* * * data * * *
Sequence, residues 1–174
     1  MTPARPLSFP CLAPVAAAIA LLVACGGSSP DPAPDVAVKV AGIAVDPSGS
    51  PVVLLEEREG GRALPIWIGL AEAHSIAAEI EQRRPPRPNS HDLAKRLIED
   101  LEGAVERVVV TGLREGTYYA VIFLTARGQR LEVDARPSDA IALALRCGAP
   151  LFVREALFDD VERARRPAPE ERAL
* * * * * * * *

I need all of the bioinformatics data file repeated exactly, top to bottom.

Sequence, residues 1–174
     1  MTPARPLSFP CLAPVAAAIA LLVACGGSSP DPAPDVAVKV AGIAVDPSGS
    51  PVVLLEEREG GRALPIWIGL AEAHSIAAEI EQRRPPRPNS HDLAKRLIED
   101  LEGAVERVVV TGLREGTYYA VIFLTARGQR LEVDARPSDA IALALRCGAP
   151  LFVREALFDD VERARRPAPE ERAL